f/1.8 aperture lens
Great image quality
Raw format capture
IS struggles in low light
Why you can trust TechRadar We spend hours testing every product or service we review, so you can be sure you’re buying the best. Find out more about how we test.
More and more premium compact cameras are emerging into a market which is generally otherwise in decline. Boosted by a range of advanced specifications, these kind of cameras appeal to experienced users, or those looking for a backup compact for everyday usage.
The Nikon Coolpix P330 occupies the same space as the Canon PowerShot S110 - it's not the company's top of the line compact camera, but it does have distinct advantages over the higher end Nikon P7700.
First off, there's the Nikon P330's small size, which still manages to house a 12 million pixel 1/1.7-inch CMOS sensor. This is joined by an Expeed C2 processor and Nikon's second generation vibration reduction system to prevent the effects of camera shake.
Full manual control is available here, as well as semi-automatic shooting modes, such as aperture priority and shutter priority. Full automatic shooting is also included, along with scene modes. Raw format shooting is a possibility, too.
Although Wi-Fi isn't built in, the Nikon P330 is compatible with Nikon's Wu-1a wireless transmitter if you wish to transform it into an internet-enabled device. GPS functionality is included, however, giving you the option to add geotag location data to your images, or to have the camera notify you of nearby points of interest when shooting.
A 5x optical zoom lens boasts an f/1.8 maximum aperture (at the wide end). In 35mm terms, you've got the equivalent of 24-120mm. Constructed from HRI glass, it features a seven-blade iris diaphragm, which should help to produce nice background blur.
An ND filter is integrated to help expand exposure control in bright conditions. A 10x digital zoom is also available, expanding the reach to up to 240mm in 35mm equivalent terms.
At the back of the camera is a 3-inch, 921k-dot LCD screen, although it isn't touch-sensitive. There's also no viewfinder, and with no hotshoe or port to receive one, you'll have to rely on the screen for composition.
That Expeed C2 processor helps to facilitate both Full HD video recording and ISO capabilities from 100-3200. This is manually extendable up to ISO 12800, when using the Hi2 setting. HD video recording can be achieved at 60, 50, 30 or 25fps.
Nikon has worked to improve the focusing on this premium compact camera, with a 99-point autofocus system on the Nikon P330. There's also subject tracking AF for shooting moving subjects. Speaking of speed, shooting at up to 10fps for up to 10 full resolution shots, or 30 full resolution shots at 1fps is available.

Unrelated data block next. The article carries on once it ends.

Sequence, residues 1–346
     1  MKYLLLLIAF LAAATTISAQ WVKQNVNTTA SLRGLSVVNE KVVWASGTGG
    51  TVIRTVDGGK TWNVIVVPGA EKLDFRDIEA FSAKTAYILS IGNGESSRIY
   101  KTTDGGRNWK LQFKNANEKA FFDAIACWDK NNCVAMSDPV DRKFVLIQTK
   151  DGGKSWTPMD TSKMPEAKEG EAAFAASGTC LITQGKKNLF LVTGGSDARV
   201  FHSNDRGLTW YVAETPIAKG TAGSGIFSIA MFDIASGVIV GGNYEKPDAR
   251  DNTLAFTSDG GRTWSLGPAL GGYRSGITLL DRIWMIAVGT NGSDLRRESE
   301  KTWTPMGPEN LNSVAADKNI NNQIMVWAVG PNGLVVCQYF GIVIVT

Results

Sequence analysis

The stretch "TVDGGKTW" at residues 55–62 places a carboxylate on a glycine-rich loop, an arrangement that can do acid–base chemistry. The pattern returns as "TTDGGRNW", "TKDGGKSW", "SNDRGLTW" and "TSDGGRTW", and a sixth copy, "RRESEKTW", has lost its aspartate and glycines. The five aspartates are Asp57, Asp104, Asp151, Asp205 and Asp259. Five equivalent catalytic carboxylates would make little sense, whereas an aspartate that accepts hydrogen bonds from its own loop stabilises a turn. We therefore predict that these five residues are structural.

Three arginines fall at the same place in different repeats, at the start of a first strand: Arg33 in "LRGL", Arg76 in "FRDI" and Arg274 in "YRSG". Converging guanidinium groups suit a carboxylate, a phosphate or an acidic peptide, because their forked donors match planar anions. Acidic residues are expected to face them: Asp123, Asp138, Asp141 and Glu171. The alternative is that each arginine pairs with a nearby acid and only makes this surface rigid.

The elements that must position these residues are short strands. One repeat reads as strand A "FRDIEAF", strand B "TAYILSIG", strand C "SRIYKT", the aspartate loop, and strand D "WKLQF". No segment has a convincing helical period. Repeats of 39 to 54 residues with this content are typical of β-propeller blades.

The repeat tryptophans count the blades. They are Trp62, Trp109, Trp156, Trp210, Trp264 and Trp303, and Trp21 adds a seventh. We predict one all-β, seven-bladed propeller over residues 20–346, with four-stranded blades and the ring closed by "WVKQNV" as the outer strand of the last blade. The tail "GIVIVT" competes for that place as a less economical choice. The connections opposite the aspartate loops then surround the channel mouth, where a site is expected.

Along with the bright lens and high sensitivity capability, the Nikon P330 comes complete with an inbuilt flash.
Creative options include the ability to shoot 360 or 180-degree panoramas, 3D shooting mode and a monochrome shooting.
There aren't any digital filters that can be used while shooting, but the retouch menu does enable you to enhance your photos post-capture. If you desire, you can add selective colour and cross screen effects at this point. There's also the ability to perform quick retouches and process raw files in the camera.
With a full price of £349.99 / AU$449.95 / US$379.95, it's also in the same price bracket as the excellent, 20x zoom-toting Panasonic TZ40/ZS30, the retro-styled 12MP Pentax MX-1 and the Wi-Fi-connecting, app-brandishing Samsung Galaxy Camera. So as we said, this section of the market is booming. Will the Nikon P330 be able to compete? Let's see how it does.
Amy has been writing about cameras, photography and associated tech since 2009. Amy was once part of the photography testing team for Future Publishing working across TechRadar, Digital Camera, PhotoPlus, N Photo and Photography Week. For her photography, she has won awards and has been exhibited. She often partakes in unusual projects - including one intense year where she used a different camera every single day. Amy is currently the Features Editor at Amateur Photographer magazine, and in her increasingly little spare time works across a number of high-profile publications including Wired, Stuff, Digital Camera World, Expert Reviews, and just a little off-tangent, PetsRadar.